Condensation is annoying. With the onset of winter and fall (i.e. colder weather), many homeowners experience the build-up of moisture on the inside of their windows. The moister the inside of the house, the heavier the condensation. Often, condensation trickles onto the window sill and the wall below, possibly causing damage to the window frame and to the wall. Windows that are covered with curtains can develop enough condensation to make the curtains wet and soggy.
Lower Temperature = Increased Condensation
Condensation forms on windows when the temperature of the window is lower than the dew point around the window. Thus, the moisture from the air is attracted to the cool window. Understanding this fact provides the clue to the problem with the window. Windows with low thermal efficiency are the worst culprits for condensation formation. Old windows, windows with aluminum frames or tracks, and sliding windows are the types that will have the most condensation in colder weather.
What Else Causes Condensation?
Condensation levels increase when you have a lot of people in your house. The more exhaled moisture in the air, the more moisture will collect on the windows. Additionally, covering the windows with blinds or curtains will trap colder air between the window and covering, making the condensation level rise even more.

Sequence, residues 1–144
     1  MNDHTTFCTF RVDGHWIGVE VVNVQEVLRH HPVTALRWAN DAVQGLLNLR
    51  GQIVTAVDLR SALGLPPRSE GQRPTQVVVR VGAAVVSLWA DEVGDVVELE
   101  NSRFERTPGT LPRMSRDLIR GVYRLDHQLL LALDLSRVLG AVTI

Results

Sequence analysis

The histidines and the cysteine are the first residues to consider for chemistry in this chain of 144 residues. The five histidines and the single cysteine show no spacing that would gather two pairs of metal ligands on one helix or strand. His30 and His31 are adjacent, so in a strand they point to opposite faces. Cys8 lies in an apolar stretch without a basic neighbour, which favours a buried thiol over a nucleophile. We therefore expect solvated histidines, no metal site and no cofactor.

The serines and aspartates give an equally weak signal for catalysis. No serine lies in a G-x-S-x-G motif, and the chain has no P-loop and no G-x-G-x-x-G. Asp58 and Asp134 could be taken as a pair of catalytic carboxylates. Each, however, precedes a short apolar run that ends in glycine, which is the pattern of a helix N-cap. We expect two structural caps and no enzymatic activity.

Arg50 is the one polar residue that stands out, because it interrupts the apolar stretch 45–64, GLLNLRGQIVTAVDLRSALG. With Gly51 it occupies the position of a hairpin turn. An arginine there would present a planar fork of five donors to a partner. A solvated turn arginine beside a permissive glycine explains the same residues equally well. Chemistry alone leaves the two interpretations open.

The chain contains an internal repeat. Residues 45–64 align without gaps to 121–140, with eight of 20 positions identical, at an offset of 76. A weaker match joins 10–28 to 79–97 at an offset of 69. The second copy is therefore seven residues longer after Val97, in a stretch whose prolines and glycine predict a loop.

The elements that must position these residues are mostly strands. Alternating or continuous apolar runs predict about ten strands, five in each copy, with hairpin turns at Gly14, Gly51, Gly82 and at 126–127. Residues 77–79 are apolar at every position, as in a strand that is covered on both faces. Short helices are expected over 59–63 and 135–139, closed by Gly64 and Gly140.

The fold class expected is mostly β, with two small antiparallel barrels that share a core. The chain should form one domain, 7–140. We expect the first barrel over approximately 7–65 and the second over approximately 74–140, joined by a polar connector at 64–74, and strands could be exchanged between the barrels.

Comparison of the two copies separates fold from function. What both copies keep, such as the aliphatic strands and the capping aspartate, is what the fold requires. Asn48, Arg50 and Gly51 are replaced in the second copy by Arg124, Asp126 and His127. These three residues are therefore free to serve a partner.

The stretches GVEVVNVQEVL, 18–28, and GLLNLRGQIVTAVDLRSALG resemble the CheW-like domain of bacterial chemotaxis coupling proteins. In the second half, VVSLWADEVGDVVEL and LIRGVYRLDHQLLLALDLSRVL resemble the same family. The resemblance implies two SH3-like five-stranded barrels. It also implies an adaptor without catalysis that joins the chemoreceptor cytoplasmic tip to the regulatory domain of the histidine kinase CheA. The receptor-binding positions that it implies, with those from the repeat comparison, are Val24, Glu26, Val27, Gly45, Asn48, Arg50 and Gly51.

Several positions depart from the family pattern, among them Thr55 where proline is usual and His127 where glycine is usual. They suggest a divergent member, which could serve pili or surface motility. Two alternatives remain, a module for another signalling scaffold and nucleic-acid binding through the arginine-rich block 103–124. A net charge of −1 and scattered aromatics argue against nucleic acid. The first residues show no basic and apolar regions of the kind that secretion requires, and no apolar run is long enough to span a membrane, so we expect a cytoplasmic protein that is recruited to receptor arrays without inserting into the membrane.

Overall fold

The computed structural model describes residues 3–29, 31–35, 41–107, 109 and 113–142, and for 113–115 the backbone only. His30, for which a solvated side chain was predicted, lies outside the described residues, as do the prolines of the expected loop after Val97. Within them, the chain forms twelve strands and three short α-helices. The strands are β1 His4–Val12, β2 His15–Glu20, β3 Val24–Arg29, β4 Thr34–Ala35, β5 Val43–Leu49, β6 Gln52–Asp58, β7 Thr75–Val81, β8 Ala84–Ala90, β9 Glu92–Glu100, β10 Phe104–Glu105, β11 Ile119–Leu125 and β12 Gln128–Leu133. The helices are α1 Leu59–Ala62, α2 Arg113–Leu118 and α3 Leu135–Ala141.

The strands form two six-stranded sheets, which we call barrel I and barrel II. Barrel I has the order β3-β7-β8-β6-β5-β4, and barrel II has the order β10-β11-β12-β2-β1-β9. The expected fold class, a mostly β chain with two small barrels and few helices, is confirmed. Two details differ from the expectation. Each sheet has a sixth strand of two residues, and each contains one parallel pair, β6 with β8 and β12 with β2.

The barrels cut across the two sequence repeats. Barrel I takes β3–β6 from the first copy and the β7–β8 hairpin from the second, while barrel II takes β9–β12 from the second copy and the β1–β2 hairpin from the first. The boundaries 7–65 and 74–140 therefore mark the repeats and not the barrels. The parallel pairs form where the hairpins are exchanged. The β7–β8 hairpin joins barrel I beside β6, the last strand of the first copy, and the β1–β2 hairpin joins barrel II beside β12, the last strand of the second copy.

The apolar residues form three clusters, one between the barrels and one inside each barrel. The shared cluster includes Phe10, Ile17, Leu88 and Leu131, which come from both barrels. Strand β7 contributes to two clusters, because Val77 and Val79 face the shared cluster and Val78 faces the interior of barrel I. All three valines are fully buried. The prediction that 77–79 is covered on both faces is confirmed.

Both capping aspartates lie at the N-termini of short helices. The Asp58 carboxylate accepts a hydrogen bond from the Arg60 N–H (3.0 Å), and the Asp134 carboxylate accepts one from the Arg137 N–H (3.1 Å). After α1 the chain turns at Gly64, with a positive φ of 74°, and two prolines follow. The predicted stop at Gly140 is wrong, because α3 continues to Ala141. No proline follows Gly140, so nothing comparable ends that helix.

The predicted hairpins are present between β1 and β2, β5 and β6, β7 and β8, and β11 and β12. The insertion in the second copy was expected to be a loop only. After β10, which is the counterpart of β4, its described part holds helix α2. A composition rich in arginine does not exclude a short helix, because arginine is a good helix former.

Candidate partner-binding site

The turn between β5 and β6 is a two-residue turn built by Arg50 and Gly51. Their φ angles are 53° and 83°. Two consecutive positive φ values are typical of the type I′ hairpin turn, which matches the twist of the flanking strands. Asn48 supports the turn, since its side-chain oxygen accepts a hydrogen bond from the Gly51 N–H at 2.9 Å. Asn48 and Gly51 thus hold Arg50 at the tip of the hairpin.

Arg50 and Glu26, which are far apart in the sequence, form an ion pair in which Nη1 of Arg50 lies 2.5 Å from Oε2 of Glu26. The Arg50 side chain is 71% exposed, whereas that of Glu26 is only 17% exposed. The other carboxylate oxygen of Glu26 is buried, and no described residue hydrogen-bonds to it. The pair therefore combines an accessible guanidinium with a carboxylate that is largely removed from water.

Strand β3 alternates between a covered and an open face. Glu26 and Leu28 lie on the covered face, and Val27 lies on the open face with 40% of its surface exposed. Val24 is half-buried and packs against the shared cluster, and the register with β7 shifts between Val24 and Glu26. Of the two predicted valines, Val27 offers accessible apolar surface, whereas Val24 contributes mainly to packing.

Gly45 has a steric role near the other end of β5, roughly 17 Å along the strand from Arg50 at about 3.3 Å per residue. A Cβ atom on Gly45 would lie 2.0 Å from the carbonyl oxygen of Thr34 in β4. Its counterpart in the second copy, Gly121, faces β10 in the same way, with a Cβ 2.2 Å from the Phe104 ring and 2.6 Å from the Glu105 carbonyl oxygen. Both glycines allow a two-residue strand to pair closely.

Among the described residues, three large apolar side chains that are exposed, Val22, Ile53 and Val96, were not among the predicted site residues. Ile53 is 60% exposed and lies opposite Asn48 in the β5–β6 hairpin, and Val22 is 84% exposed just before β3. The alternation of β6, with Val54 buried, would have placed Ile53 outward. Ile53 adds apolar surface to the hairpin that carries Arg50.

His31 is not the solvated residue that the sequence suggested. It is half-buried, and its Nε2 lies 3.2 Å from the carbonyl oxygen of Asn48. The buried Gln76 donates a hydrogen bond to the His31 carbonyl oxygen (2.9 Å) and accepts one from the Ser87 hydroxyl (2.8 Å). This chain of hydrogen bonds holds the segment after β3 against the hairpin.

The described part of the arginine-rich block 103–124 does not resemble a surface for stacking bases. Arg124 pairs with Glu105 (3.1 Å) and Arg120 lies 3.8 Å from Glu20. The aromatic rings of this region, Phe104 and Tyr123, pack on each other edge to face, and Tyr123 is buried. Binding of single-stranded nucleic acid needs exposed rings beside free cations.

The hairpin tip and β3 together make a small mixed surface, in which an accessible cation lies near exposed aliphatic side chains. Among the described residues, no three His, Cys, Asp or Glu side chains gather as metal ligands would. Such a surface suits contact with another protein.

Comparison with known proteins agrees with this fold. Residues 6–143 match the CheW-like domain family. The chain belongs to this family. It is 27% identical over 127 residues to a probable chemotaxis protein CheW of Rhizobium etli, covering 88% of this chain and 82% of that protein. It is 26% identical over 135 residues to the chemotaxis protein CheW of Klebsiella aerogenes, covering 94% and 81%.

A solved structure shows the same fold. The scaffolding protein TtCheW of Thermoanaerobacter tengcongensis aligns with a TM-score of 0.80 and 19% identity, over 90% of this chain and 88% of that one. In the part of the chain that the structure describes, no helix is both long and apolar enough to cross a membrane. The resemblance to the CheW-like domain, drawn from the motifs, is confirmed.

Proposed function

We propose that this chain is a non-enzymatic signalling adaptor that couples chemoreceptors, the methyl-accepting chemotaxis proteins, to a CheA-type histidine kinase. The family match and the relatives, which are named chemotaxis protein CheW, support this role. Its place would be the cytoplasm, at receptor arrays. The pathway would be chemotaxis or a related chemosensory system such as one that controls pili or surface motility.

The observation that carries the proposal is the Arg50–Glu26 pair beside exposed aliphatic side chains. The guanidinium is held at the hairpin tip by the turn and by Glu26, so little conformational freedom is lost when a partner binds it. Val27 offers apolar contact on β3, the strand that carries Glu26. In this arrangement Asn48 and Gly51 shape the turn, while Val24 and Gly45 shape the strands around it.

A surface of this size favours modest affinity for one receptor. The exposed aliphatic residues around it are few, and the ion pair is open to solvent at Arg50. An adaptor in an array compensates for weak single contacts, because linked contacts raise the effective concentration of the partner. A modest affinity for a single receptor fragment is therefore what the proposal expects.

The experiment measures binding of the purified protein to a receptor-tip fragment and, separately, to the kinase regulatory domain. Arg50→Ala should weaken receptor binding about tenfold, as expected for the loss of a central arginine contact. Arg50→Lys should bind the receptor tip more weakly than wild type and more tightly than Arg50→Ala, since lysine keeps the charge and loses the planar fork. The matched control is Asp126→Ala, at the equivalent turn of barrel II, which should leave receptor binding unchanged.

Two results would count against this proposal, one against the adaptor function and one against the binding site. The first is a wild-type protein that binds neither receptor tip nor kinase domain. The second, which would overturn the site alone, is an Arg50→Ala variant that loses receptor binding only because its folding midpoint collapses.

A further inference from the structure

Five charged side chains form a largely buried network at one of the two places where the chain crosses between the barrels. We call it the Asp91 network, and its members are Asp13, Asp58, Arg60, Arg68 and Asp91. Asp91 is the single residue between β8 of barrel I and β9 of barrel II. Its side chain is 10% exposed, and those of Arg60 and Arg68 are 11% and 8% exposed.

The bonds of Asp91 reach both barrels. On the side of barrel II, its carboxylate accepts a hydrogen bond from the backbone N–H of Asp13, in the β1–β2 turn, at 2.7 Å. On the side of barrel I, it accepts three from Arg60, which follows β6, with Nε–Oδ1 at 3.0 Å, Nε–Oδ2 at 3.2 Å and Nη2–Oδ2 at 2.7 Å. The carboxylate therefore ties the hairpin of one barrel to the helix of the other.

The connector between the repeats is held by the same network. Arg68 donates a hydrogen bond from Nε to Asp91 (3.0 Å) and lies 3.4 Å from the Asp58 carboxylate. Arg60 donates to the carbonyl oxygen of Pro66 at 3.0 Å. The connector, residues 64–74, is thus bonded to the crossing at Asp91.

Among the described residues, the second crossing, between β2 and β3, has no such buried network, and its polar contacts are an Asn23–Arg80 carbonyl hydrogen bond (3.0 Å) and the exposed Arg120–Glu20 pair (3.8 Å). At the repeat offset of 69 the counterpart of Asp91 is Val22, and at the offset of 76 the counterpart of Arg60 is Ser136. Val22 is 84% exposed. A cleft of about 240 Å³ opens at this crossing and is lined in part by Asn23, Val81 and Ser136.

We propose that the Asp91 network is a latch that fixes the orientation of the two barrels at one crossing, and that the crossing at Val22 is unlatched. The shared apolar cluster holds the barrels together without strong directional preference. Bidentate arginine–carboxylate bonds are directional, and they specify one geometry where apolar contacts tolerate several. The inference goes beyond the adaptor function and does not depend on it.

Problems Associated with Condensation
Condensation is a real problem. As mentioned, it can contribute to peeling paint, rotten wood and damaged drywall. Removing condensation is relatively simple for the short-term fix. Simply remove the moisture in the air by running dehumidifiers or exhaust fans in the bathrooms or kitchen. Obviously, a dry-air home, especially in the winter, can be very uncomfortable. An alternative solution is to replace old inefficient windows with high-efficiency double pane windows or to install storm windows. window estimates for such windows are available from contractors.
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